Central Appalachian Tribunal

Women's Tribunal:  Gender and Climate Justice:  Central Appalachian Women's Tribunal

Date:  May 10. 2012
Location:  Charleston, West Virginia USA
Contact:  Rosa Lizarde, Global Coordinator FTF - rosaencasa@aol.com

Tribunal Verdict is in - Coal companies: GUILTY!

Today we had the Central Appalachian women's tribunal on gender and climate change. It was an incredible event and experience. The stories and testimonies of the women of the Appalachian mountains being affected by coal mining and mountain top removal were extraordinary.  The persistence and dogged cruelty and crimes of the coal industry haven't deterred these women, their families, their activism, despite death threats --- these coming in different forms such as explosions near homes to remove coal from the mountain, coal dust making lung cancer very likely, poisoned water in wells, streams and pipes, or just blatant threats to the most outspoken activists.  

There is a real raping of Mother Earth in the Central Appalachian mountains. Mountain top removal (MTP), what has been done in this area for the past 15+ years. Basically, instead of digging deep into the mountain they are taking the coal from the top of the mountain which is much cheaper to do. They proceed to shave the top of the mountain, removing all of the trees, all of the vegetation, dead bodies (in the case of cemetaries) and breaking up the mountain slice by slice to remove the coal. The coal industry then fills another empty side of a mountain top with the useless mountain rock.

On the car drive from New York to Charleston (about 10+hours total) we drove through mountains for the last couple of hours. The mountains in this early Spring time were many shades of vibrant green. New leaves shown a brilliant green against a deeper, richer growth. The forests were teeming with a green! What mountain top removal does is leave a desert of lifeless dirt at the top of the mountain! All these beautiful trees are cut and removed. It is truly an amazing site to see (check out  Burning the Future: Coal in America, the 2007 doumentary. The devastation blows you away.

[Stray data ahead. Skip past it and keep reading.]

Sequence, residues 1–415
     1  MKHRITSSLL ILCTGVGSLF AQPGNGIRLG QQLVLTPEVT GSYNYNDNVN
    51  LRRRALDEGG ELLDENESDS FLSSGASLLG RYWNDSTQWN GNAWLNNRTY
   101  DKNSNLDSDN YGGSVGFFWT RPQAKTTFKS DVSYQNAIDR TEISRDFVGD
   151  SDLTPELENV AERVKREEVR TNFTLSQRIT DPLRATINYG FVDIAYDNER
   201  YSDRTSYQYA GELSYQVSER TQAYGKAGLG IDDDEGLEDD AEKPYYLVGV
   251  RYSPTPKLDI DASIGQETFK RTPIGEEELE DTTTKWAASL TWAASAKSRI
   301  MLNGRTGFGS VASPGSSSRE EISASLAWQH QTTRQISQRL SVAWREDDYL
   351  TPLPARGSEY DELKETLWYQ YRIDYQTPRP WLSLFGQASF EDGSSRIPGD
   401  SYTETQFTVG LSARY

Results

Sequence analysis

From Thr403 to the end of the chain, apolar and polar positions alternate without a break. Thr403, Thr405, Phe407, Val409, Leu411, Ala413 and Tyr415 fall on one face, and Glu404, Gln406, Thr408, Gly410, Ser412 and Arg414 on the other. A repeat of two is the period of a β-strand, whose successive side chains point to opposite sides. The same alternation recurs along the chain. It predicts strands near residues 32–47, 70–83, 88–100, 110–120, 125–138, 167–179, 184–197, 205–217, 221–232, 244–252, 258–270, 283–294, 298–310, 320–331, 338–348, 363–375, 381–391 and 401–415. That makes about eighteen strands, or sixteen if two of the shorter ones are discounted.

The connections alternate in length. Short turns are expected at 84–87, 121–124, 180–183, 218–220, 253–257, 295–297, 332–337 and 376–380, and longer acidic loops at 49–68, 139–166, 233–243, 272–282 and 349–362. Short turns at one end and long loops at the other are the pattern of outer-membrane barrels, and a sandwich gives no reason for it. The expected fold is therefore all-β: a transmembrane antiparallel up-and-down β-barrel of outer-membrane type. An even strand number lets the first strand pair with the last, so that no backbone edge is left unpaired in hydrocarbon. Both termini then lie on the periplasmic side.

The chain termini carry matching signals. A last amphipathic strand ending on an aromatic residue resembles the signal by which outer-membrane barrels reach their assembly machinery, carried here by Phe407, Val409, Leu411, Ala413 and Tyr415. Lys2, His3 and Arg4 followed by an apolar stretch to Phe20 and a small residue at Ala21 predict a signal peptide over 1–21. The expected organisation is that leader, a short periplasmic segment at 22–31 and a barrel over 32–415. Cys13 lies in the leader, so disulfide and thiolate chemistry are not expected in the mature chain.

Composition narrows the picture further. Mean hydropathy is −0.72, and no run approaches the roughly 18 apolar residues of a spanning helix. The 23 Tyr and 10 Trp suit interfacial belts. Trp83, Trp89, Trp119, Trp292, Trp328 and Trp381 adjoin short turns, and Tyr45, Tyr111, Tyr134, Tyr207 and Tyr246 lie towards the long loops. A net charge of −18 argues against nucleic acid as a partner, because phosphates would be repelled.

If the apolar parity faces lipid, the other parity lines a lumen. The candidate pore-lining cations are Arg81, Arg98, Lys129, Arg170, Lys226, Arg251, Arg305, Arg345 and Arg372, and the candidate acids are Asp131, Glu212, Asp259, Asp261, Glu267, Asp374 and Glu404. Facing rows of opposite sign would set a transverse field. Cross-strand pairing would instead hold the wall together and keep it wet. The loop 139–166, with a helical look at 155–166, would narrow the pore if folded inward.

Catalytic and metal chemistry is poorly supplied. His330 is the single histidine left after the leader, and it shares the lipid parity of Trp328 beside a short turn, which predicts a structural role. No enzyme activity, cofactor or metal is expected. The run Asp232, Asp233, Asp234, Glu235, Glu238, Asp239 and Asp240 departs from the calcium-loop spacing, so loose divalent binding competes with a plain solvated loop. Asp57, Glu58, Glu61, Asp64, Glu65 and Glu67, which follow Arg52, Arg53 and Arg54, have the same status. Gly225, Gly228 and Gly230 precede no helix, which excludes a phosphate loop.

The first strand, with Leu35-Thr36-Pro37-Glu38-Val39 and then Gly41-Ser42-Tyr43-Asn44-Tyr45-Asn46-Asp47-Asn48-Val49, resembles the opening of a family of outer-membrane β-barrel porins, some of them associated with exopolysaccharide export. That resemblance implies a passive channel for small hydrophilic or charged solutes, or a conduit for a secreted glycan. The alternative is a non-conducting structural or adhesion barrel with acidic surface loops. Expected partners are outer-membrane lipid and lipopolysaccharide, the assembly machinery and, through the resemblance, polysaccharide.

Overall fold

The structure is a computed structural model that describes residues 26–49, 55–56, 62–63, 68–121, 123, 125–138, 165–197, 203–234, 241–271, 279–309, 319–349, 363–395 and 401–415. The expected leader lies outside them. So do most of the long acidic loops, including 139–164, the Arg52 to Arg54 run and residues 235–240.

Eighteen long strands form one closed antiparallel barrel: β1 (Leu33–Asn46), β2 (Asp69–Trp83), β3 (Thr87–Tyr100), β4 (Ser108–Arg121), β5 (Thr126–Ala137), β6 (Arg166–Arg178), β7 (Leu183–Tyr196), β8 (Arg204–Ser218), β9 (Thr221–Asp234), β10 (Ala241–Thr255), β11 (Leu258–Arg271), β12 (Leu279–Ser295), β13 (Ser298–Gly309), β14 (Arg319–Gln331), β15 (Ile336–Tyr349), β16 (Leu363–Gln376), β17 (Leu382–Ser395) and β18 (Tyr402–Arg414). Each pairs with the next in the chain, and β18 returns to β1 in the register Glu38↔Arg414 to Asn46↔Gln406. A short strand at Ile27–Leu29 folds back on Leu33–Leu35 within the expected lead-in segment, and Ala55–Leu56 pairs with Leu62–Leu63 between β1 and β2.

I haven't fully digested it all but felt compelled to write all you, in particular the organizers of the past tribunals and hearings---15 in 2011, 2 in 2010, 7 in 2009, 2 in 2008  and the 3 in 2007 which kick-started this for the FTF.  This first tribunal on gender and climate change in the United States was a splendid follow-up to all of those. It was well worth the effort. The women living on the mountains are amazing. What they've been through, how they are fighting and struggling is simply inspiring and astounding. Whatever small way we can help the cause and connect to a larger global struggle is well worth it. Bringing the message to Rio+20 will be key --- and by the way at the end of the tribunal I received a message from the official Rio+20 secretariat that our event request for the presentation of the tribunals at the Rio meeting had been accepted! The date is forthcoming but we will need to prepare further to present the findings of the past 15 tribunals along with the Central Appalachia and the upcoming Chicago tribunal. This good news added to the celebrating knowing how important it is to get the message of the crimes of the coal companies out in the world! Thank you to so many for separate comments congratulating us and expressing your support! Your messages are appreciated!

- Rosa Lizarde

April 19, 2012